Journal Article Using a multi-stage carcinogenesis model to investigate calorie restriction as a potential tool for post-irradiation mitigation of cancer risk

谷, 修祐  ,  Benjamin, Blyth  ,  尚, 奕  ,  森岡, 孝満  ,  柿沼, 志津子  ,  島田, 義也

2016-09 , Korean Society of Cancer Prevention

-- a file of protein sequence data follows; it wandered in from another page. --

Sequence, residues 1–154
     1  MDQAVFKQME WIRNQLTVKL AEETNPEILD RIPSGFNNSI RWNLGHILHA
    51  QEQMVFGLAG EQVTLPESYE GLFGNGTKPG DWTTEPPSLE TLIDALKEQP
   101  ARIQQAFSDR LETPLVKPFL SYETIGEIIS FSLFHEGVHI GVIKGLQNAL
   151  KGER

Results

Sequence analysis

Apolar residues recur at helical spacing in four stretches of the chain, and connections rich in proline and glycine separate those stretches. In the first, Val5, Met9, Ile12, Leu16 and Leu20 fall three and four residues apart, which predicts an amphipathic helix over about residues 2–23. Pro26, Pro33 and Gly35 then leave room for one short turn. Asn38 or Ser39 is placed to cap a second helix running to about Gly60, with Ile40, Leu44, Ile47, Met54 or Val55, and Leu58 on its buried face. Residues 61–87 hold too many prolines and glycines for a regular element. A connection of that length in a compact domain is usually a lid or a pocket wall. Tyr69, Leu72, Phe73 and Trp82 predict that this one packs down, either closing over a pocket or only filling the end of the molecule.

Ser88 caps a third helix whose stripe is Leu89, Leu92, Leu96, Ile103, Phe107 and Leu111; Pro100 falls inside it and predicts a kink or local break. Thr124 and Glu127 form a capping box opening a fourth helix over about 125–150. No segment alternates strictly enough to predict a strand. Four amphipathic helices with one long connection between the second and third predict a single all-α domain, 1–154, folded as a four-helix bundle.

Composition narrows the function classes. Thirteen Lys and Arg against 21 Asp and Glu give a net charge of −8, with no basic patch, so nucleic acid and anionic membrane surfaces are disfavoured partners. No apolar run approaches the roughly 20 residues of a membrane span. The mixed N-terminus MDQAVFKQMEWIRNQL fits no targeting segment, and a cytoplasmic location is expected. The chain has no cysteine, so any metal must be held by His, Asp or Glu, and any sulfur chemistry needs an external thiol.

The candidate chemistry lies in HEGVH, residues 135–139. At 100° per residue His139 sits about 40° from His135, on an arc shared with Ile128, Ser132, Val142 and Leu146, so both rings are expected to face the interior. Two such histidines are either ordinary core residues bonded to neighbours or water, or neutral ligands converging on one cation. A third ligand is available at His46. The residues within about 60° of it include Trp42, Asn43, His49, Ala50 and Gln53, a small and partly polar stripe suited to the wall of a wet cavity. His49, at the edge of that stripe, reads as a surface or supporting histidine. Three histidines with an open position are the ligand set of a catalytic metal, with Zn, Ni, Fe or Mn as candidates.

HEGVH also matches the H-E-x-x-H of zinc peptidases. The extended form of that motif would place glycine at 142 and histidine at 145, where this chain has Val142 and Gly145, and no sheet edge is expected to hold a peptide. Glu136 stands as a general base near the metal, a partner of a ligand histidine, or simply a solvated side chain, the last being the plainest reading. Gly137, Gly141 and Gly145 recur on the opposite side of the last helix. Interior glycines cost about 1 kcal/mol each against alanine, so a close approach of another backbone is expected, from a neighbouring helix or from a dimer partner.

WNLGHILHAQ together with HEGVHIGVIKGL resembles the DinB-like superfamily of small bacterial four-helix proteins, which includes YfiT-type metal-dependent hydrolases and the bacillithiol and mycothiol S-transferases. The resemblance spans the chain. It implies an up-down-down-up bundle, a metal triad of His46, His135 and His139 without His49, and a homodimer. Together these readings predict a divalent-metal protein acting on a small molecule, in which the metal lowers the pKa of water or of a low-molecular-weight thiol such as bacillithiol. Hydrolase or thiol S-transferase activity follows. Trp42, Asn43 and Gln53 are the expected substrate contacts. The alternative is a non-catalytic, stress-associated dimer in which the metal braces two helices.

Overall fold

Ongoing uncertainty regarding the risk of radiation-induced cancer after low dose exposures adds to anxiety in exposed populations, particularly following accidental exposures where informed consent was not obtained. Safe, effective and simple lifestyle changes which can be proven to help mitigate or offset radiation-induced excess cancer risk might provide individuals exposed to radiation the opportunity to pro-actively reduce their cancer risk, while such empowerment could also improve mental health and well-being. Here, we applied a multi-stage carcinogenesis mathematical model to mouse lifespan and cancer data for an intervention using adult-onset calorie restriction following irradiation in early life. We re-evaluated autopsy records with the assistance of a veterinary pathologist to determine which tumours were the probable cause of death in order to calculate age-specific mortality. The model revealed that in both irradiated and unirradiated mice, calorie restriction reduced the age-specific mortality of all solid tumours and hepatocellular carcinoma across most of the lifespan, with the mortality rate more dependent on age due to an increase in the number of ‘steps’. Conversely, irradiation did not significantly alter the number of steps, but did increase the overall transition rate between the steps. We show that the extent of the protective effect of calorie restriction is independent of the cancer induction from the radiation exposure, and discuss future avenues of research to explore the utility of calorie restriction as an example of a potential post-irradiation mitigation strategy.

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